Recent events have created extreme market price volatility for CommonWealth REIT (NYSE:CWH). In this article, we will analyze what has happened and provide insight as to what investors can do with this information.
I have written numerous articles (linked here and here) on the egregious acts of REIT Management and Research (henceforth RMR), but they have now outdone themselves. RMR's previous shareholder value destroying actions have been discreet, requiring deep analysis to demonstrate the wrong-doing. Its most recent decisions, however, seem blatant. Many of you may have already been following what is going on with CommonWealth, but for clarity I will detail the string of events.
Brief summary of events
On February 25, CWH announced an offering of 27mm shares intending to use the proceeds to pay off senior notes. The following day, two investment firms with a large stake in CWH requested that the share offering be retracted and suggested that they would seek removal of RMR as managers of CWH. These investment firms put out an offer to acquire control of CWH at $25/share, which they upped to $27/share on February 27th. Later that night, at 7:17 Eastern time, CWH expanded the offering to 30mm shares plus 4.5mm in overallotment to underwriters. Below is a chart of CWH's market price. It is integral to each aspect of this chain of events.
Analysis of events
As CWH traded at $18.03 on the close of the 22nd, it had a price/FFO of only 5.4 at the declaration of the stock offering. Issuance of such underpriced equity demands an exceptional use for capital yet the senior notes were not coming due and had reasonably low coupons (5.75%, 6.40% and 6.25%). Using the implied cap-rate of the equity to be issued, CWH intended to use 18.5% cost of capital to buy back approximately 6% cost of capital. Such an offering is CLEARLY dilutive to shareholders and must be looked at as a breach of fiduciary duties. This was plain to see and shareholders responded by selling. Upon announcement of the offering, the market price quickly fell to $15.85 at the close of February 25th.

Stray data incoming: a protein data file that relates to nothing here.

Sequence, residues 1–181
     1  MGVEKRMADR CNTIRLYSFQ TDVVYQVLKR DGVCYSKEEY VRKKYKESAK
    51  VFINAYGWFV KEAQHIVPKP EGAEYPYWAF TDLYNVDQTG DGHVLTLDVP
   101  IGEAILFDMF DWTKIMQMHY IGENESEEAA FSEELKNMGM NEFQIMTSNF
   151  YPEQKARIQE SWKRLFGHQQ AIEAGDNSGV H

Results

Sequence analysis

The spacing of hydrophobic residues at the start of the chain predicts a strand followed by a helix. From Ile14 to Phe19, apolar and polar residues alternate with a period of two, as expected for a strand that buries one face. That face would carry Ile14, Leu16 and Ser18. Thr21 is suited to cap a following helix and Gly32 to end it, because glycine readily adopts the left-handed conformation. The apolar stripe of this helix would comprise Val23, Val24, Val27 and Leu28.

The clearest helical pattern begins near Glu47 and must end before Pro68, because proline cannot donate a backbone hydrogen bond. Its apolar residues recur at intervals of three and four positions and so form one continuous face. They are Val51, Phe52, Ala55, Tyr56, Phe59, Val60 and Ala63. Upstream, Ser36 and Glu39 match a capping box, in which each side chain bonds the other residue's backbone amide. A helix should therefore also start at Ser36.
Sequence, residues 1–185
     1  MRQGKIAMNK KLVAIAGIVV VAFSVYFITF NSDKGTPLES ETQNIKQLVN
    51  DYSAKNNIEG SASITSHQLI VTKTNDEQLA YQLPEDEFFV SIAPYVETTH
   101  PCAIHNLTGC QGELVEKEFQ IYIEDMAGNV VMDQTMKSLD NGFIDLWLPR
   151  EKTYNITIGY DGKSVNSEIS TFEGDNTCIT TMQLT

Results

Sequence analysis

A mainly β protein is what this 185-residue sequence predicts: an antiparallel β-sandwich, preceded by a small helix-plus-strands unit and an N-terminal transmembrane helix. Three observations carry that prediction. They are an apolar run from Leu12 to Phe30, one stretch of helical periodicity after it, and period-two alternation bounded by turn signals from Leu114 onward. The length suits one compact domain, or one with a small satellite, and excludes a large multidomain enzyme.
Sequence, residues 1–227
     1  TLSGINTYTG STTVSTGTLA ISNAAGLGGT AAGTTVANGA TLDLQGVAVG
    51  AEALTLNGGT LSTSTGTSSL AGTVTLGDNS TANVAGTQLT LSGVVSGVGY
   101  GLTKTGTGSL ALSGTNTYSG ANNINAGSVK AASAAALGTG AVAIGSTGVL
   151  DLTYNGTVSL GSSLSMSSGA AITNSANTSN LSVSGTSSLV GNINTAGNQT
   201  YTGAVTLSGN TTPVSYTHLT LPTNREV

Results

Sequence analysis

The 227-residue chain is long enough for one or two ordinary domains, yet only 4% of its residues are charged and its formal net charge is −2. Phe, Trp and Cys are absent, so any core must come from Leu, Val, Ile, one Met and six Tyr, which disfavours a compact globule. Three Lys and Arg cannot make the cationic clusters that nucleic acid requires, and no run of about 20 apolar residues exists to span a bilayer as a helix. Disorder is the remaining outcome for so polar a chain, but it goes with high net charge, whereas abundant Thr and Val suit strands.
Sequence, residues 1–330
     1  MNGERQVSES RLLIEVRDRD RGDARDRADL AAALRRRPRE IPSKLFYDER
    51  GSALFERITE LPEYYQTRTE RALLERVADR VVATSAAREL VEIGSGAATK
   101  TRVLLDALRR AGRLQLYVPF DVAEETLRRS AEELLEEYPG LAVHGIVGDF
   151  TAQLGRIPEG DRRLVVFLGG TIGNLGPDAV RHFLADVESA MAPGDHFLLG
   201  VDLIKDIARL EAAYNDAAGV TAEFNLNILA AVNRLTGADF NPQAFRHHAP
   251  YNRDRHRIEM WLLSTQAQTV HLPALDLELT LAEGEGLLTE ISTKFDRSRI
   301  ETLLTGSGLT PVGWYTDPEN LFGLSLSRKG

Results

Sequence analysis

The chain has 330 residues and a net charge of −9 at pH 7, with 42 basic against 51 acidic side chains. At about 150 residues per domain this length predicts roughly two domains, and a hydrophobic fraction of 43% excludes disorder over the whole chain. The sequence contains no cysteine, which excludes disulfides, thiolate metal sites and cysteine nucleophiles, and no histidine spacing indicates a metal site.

Some powerful stakeholders, Corvex Management LP and Related Fund Management LLC, took notice and made some powerful demands. Describing the offering as "value destroying", Corvex and Related demanded it be immediately canceled and moved to remove RMR stating that "poor corporate governance exacerbates the inherent conflicts of interest between management and shareholders." These investment firms announced their potential to acquire all of the company's outstanding shares at a premium. The price was announced to be $25/share and later upped to $27/share. The prospect of a buyout and the potential removal of RMR sent CWH's market price all the way up to its close at $24.40 on the 26th; a gain of over 50%.
The proposed buyout would give shareholders $27/share, so why is CWH trading at only $23.09 on the 28th? Well, there is no certainty that it will actually occur. As of the proposal, CWH's management was given 48 hours to begin negotiations. The window is soon closing and we do not know whether negotiations have begun.
What to do with this information
Well, the possible outcomes are dichotomous. Either Corvex and Related or some other entity will succeed in removing RMR, or shareholders will be trapped into a dilutive offering of 30mm shares at $19.00 each. With the available information, there is no reliable way to estimate the probability of either outcome. Similarly, there is no way of estimating the expected returns of either outcome. A buyout could be at $27 or whatever price is decided and the lack of a buyout could result in the market price dropping indefinitely far.
This is not a risky investment, but rather an uncertain one. With no means of calculating risk and reward it more closely resembles gambling than investment. A short position in CWH would be equally unknown as a long one. I would suggest steering clear of CommonWealth until the dust settles.
Disclosure: This article is for informational purposes only. It is not a recommendation to buy or sell any security and is strictly the opinion of the writer.
Disclosure: I have no positions in any stocks mentioned, and no plans to initiate any positions within the next 72 hours. I wrote this article myself, and it expresses my own opinions. I am not receiving compensation for it (other than from Seeking Alpha). I have no business relationship with any company whose stock is mentioned in this article.